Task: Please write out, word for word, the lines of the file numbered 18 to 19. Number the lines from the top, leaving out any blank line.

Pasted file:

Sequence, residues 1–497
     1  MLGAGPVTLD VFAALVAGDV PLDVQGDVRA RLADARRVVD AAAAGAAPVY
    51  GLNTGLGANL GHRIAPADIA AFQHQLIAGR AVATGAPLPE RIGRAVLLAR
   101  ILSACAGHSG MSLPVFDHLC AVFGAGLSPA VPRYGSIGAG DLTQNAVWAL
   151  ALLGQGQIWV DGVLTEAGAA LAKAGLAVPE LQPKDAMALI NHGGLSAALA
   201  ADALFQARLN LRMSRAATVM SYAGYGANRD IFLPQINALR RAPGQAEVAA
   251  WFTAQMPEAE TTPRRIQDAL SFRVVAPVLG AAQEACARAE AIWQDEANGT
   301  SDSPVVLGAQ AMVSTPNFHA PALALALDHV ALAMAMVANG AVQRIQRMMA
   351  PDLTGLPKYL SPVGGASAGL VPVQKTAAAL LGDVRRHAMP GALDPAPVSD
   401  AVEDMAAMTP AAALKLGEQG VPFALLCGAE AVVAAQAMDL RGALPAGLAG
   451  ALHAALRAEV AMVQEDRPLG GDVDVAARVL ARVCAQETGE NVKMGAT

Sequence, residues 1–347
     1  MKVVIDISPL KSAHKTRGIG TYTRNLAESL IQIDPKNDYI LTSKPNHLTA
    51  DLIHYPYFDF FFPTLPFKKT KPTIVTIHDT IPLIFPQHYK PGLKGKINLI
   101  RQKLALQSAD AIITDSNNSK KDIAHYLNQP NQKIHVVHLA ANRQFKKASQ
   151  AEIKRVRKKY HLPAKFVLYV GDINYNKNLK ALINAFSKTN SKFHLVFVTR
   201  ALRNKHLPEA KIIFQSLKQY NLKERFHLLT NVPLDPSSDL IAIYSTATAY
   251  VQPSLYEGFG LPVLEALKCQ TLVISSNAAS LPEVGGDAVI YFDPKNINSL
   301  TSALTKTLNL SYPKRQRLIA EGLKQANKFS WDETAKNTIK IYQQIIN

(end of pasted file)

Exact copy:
   251  VQPSLYEGFG LPVLEALKCQ TLVISSNAAS LPEVGGDAVI YFDPKNINSL
   301  TSALTKTLNL SYPKRQRLIA EGLKQANKFS WDETAKNTIK IYQQIIN